Marketing today: the race to be more relatable

Aparna Chatterjee

With the launch of platforms connecting people online, we all knew a new phenomenon would take us by storm. From Orkut to Instagram, we have come a long way in perceiving information and showcasing our lives. Initially, we did have a considerable stigma around it. Society tries to govern what one can and cannot post. But every social media platform lets us use our freedom of expression and imposes few security guidelines. As more people started using these platforms, it was high time that the brands followed the lead.

Facebook and Twitter became the prime medium for connecting with the masses. Instagram, a photo-sharing app, started becoming a part of marketing campaigns. Memes ironically became an easier way of distributing information and manipulating consumer behavior. There was a time when brands focused on creating advertisements that would trigger the masses emotionally—in a way, invoking a sense of belongingness that would nudge the customers to buy their products. Later with the help of collaborations with movie and TV stars, the influence would become more substantial. The budget required was immense. Hence it became even more difficult for smaller brands to take up space and improve their consumer footprint. But today, that is not a necessity for successfully marketing a product.

Brands can hire a social media manager, or if it is a ship with only a captain, they can attract customers by creating content. The rise of digital marketing made it easier to direct and manage online traffic. Intelligent advertisements from brands like Zomato, Swiggy, Durex, etc., never fail to amuse us. From capturing attention and subconsciously implanting scenarios, the effort to create mental imagery when consumers think of the brands is sneaky and apt. Big multinational brands are trying hard to be as relatable as possible, creating products for people of all colors, shapes, and sizes. From matching foundations for dusky and dark skin tones to clothes for people of big sizes, we have come a long way in inclusivity. Not just this, brands now thrive in the LGBTQIA+ community, whereas, in the past, this entire section of consumers was shunned. In 2021 the story was a bit different; we have all big and small brands celebrating pride month.

The era of influencers started shortly after. Influencers, by definition, are social media personalities with a considerable following. Brands approach them to promote their products and try even more challenges to be relatable via these influencers. These collaborations are comparatively cheaper as the production cost for the advert reduces significantly, and the cost of cooperation is far lesser than that of a movie/TV personality. Like those weird 5-minute craft videos that show all the impossible scenarios one can come across, brands try to imply their use, whether necessary or not. Multi-billion companies aren’t far behind. We face a big wagon with all the brands seated comfortably, driving our behavior without our realization. But that’s what clever marketing is.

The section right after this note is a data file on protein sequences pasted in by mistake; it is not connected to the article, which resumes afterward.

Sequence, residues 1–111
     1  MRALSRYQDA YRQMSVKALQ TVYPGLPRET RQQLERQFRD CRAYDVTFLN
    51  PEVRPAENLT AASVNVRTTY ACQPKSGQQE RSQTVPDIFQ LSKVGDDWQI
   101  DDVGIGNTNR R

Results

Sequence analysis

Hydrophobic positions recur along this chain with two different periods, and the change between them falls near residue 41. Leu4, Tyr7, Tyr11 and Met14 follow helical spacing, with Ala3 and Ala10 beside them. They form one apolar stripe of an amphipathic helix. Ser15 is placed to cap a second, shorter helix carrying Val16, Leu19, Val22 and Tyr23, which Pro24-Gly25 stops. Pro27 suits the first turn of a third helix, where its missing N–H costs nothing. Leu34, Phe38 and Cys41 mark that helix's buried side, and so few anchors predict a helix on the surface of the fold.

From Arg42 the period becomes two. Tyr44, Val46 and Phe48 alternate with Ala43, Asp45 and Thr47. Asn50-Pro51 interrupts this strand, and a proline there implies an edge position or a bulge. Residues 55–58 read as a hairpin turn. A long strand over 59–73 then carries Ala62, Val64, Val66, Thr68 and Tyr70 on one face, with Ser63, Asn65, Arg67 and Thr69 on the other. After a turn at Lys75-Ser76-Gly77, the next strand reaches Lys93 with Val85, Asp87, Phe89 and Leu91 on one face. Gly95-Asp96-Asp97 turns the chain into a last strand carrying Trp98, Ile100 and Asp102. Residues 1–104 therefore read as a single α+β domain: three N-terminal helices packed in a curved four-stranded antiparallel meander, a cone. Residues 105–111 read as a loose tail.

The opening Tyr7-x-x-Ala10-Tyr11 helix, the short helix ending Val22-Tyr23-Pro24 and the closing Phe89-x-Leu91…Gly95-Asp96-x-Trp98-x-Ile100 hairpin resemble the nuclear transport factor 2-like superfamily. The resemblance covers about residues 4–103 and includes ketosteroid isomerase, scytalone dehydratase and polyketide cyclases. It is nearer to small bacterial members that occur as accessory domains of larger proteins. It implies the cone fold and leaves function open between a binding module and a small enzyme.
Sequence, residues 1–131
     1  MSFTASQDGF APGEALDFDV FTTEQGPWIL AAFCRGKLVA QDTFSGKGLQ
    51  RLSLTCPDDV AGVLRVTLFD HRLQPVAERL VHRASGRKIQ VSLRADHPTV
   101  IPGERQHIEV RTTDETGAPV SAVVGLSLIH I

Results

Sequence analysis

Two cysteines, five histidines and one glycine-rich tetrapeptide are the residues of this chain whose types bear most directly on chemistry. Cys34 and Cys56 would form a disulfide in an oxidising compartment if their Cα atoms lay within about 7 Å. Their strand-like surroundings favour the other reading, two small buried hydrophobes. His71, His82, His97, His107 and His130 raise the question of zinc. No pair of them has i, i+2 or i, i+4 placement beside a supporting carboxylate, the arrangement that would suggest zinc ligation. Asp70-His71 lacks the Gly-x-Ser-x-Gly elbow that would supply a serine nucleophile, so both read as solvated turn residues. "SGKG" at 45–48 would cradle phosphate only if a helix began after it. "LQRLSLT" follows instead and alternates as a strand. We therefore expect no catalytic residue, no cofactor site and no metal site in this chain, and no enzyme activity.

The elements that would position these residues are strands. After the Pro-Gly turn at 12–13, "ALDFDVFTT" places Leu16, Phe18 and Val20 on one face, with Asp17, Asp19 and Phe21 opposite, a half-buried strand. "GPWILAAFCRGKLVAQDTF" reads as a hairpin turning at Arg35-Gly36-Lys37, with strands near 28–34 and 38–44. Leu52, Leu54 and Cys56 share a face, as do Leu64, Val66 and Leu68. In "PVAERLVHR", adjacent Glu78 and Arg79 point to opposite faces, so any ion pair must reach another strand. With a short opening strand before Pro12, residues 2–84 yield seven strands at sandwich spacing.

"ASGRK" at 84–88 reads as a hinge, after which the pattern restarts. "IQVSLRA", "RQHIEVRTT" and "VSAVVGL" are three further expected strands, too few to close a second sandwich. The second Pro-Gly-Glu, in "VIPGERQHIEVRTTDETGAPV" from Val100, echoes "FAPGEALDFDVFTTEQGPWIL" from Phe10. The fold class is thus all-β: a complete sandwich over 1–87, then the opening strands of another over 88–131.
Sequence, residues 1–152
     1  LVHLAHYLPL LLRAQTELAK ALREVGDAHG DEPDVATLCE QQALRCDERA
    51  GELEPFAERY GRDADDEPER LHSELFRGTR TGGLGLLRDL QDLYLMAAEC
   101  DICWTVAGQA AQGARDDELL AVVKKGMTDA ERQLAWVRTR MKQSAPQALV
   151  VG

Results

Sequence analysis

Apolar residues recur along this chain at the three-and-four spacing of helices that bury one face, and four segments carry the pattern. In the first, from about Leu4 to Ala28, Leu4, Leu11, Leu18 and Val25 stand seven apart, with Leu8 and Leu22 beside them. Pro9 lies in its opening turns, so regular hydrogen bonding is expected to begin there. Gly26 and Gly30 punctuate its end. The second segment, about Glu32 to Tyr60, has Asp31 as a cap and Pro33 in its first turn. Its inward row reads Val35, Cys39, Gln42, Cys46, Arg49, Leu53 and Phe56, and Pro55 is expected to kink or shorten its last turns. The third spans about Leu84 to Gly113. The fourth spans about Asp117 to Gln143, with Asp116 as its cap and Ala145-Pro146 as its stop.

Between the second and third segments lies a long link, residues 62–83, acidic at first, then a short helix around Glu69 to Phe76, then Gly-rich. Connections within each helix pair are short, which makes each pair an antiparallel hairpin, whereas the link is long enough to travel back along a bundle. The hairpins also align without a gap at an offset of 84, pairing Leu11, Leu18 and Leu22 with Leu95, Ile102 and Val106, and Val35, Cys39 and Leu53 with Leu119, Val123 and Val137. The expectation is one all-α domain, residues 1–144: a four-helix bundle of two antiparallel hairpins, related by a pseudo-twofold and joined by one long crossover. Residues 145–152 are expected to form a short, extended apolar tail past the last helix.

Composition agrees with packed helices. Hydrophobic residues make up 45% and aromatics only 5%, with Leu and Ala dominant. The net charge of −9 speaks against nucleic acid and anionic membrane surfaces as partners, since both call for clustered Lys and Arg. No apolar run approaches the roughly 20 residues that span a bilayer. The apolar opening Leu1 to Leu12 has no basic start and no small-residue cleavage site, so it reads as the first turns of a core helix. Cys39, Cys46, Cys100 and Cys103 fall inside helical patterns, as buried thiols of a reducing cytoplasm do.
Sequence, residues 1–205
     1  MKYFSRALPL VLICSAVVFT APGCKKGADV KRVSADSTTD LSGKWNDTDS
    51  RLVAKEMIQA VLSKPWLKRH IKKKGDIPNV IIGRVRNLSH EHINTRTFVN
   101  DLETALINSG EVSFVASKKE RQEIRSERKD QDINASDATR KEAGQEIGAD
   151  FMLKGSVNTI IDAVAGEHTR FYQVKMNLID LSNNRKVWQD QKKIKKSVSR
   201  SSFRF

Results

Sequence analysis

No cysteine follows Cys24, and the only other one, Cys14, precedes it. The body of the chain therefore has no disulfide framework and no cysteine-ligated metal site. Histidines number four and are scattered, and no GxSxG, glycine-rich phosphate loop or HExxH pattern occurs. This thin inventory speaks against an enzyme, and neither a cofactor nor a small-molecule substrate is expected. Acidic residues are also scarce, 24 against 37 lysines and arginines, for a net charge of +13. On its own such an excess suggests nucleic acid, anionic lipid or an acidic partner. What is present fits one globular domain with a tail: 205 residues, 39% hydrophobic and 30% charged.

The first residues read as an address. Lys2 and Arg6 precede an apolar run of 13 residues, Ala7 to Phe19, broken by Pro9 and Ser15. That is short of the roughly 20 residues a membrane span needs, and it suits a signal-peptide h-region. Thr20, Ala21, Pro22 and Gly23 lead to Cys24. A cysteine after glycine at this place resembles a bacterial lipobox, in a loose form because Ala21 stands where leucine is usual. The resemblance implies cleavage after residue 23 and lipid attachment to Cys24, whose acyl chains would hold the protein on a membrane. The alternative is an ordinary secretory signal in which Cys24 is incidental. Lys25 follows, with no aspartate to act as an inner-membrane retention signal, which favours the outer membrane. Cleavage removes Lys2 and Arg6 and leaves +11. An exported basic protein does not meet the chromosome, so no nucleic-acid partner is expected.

It was never possible to rapidly disrupt the stock market and change traders’ behaviors. A single tweet can make you purchase stocks in bulk and sell it in the blink of an eye. We have seen this mainly with Mr. Musk, who made cryptocurrency valuation high and low, just like we inhale and exhale. He has managed to increase the value of Dogecoin despite the market being dominated by cryptos like Bitcoin and Ethereum. With the ocean of information out there, one can feel overwhelmed. It is now difficult to understand whether we control what we watch and read. While we have brands capitalizing on our attention span, it is even more challenging to know if we purchase a product because we need it or are influenced by these successful marketing campaigns.

But who doesn’t like a good meme? And political parties, bands, entertainers, colleges, and universities are all in for it. We all can use some good laughs. However, memes have just become a medium for a marketer to convey that they are just like you and hence view a problem just the way you do and, further, try to promise you the exact results you want. Gone are the days when a salesman had to pitch in to do the same thing. The additional advantage is that the same can be done for millions of consumers simultaneously.

Social media platforms have successfully personified brands. Hence creating and maintaining the consumer relationship has become easy. Ultimately, it comes down to the quality of services and products. Transparency has made it easier for consumers to question the brands and vocalize their grievances to them and the masses. That forced the brands to be extra cautious regarding addressing the distresses and strengthening their customer support systems. Using the power of data, we consumers can dictate the market. Let’s enjoy the memes and converse with the faceless brands like they are the ghosts of our past.


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